The CSS Blog Network

Mediation Perspectives: Peace Agreement Provisions and the Durability of Peace

Image courtesy of United Nations Photo/Flickr. (CC BY-NC-ND 2.0)

Mediation Perspectives is a periodic blog entry that’s provided by the CSS’ Mediation Support Team and occasional guest authors. Each entry is designed to highlight the utility of mediation approaches in dealing with violent political conflicts. To keep up to date with the Mediation Support Team, you can sign up to their newsletter here.


Ongoing efforts to professionalize the field of mediation have focused upon the collection of lessons learned and good practice to better inform mediation strategies. My recently published study on “Peace Agreement Provisions and the Durability of Peace” seeks to contribute to this effort by analyzing quantitative research on the empirical relationship between the content of civil war peace agreements and the subsequent duration of peace. In my experience, this is an area of direct practical relevance to mediators, who can and do influence the design of peace agreements through introducing options from comparative cases, making bridging proposals or even occasionally drafting texts.

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Mediation Perspectives: Third Party Pressure Fueling Rebel Fragmentation

Image courtesy of Jason Patinkin/voanews.com

Mediation Perspectives is a periodic blog entry that’s provided by the CSS’ Mediation Support Team and occasional guest authors. Each entry is designed to highlight the utility of mediation approaches in dealing with violent political conflicts. To keep up to date with the Mediation Support Team, you can sign up to their newsletter here.


“The only page [of the Darfur Peace Agreement] that really matters is the last page, which has the space for the signatures of the parties,” explained Salim Ahmed Salim to the conflict parties. One Darfurian rebel leader eventually signed the agreement because of tremendous external pressure. The conclusion of the peace agreement was followed by rebel fragmentation and the civil war dragged on for many years to come.

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Mediation Perspectives: Small Steps to Peace

Dekha Ibrahim Abdi. Photo © Emma Leslie

This article was originally published by ETH News on 8 March 2019.

Many small, local steps may lead more sustainably to peace than big dreams of the perfect state. This principle lies at the heart of an innovative approach to conflict mediation developed by a Kenyan mediator and an ETH researcher.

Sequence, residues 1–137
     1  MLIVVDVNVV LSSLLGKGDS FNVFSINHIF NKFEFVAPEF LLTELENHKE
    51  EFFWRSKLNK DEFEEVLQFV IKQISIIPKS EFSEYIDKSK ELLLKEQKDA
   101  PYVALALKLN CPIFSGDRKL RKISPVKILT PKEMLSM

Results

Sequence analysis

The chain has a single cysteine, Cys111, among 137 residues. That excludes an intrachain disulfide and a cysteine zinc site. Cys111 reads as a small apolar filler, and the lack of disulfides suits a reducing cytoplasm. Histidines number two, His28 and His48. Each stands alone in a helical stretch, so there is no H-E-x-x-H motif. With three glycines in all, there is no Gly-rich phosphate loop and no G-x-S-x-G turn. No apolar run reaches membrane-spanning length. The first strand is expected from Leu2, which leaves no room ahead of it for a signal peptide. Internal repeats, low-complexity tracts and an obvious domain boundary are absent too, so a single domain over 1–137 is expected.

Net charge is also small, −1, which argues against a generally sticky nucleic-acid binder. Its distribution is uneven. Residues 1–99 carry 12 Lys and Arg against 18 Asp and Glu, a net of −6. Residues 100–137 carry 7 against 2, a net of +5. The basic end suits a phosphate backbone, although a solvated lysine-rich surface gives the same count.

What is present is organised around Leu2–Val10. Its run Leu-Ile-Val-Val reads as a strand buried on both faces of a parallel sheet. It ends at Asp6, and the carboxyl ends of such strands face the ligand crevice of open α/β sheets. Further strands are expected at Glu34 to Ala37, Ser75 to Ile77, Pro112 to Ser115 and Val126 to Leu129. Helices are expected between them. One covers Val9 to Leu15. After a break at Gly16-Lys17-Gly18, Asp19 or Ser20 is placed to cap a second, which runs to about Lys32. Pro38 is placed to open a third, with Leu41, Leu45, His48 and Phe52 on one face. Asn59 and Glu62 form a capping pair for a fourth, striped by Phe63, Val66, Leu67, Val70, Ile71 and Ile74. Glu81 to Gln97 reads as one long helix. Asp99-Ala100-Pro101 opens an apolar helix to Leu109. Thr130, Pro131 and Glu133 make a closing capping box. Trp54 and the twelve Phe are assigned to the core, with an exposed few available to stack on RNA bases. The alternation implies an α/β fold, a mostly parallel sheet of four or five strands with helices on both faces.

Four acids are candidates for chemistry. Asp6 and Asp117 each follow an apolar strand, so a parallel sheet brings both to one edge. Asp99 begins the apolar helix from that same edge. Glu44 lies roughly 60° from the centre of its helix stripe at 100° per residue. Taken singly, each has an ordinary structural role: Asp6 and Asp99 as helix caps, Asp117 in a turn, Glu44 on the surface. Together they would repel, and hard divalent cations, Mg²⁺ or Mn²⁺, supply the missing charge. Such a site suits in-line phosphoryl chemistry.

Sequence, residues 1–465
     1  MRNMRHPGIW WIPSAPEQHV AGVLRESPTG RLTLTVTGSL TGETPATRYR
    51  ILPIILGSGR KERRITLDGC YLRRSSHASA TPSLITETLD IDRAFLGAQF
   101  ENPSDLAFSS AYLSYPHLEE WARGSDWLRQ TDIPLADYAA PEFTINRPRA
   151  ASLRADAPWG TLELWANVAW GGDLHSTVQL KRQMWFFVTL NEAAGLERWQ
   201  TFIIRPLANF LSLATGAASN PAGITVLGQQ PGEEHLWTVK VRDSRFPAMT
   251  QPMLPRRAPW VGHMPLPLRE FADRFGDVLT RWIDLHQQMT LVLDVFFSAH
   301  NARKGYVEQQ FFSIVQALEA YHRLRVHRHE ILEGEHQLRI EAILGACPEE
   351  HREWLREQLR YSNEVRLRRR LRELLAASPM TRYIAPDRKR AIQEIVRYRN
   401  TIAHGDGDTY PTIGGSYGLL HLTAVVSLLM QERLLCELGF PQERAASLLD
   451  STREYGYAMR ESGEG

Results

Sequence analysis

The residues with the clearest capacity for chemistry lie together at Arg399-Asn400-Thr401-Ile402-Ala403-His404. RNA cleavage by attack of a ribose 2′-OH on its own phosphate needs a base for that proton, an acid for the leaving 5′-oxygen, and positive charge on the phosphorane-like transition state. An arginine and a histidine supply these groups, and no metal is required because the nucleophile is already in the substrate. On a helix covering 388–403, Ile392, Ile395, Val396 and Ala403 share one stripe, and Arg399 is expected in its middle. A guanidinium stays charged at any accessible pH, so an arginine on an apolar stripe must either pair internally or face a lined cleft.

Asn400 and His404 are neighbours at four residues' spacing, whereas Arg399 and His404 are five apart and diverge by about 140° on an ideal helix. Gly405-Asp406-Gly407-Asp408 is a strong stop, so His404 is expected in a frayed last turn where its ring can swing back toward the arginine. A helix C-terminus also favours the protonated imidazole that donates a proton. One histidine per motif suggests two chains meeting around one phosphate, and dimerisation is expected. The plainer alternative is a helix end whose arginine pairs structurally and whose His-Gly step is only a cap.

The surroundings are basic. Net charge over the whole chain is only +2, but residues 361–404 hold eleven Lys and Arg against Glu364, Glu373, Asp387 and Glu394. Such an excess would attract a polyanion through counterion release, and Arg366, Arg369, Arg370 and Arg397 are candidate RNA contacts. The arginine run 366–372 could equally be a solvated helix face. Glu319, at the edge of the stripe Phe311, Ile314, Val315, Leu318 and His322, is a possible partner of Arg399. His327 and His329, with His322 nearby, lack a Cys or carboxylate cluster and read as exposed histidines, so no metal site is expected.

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Mediation Perspectives: Peacebuilding Updated

Mediation Perspectives is a periodic blog entry that’s provided by the CSS’ Mediation Support Team and occasional guest authors. Each entry is designed to highlight the utility of mediation approaches in dealing with violent political conflicts. To keep up to date with the Mediation Support Team, you can sign up to their newsletter here.

Summary of a presentation given by Shamil Idriss, CEO of Search for Common Ground, at the ETH Workshop on Religion in Swiss Peace Promotion, organized by Culture and Religion in Mediation (CARIM) at CSS ETH Zurich

What worked in the past will not automatically work in the future. We need to update and diversify our peacebuilding approaches. In our current context, this includes a greater emphasis on engaging with religious-political actors with constituencies, even if their worldview is very different to our own.

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Mediation Perspectives: The Political-Technical Interaction in Ceasefires

Christmas Truce 1914. Image courtesy of Wikipedia/A.C.Michael/Illustrated London News

Mediation Perspectives is a periodic blog entry that’s provided by the CSS’ Mediation Support Team and occasional guest authors. Each entry is designed to highlight the utility of mediation approaches in dealing with violent political conflicts. To keep up to date with the Mediation Support Team, you can sign up to their newsletter here.

If something is purely political, it becomes fuzzy as there is no clear, objective “right or wrong”. If something is purely technical, with many objective “rights and wrongs”, it becomes boring as there is nothing to debate or shape. Things become fascinating when the political and technical interact. Ceasefires that aim to stop violence are important because they can save human life, but they are also intellectually intriguing because of the way political and technical dimensions must interact if they are to be effective.

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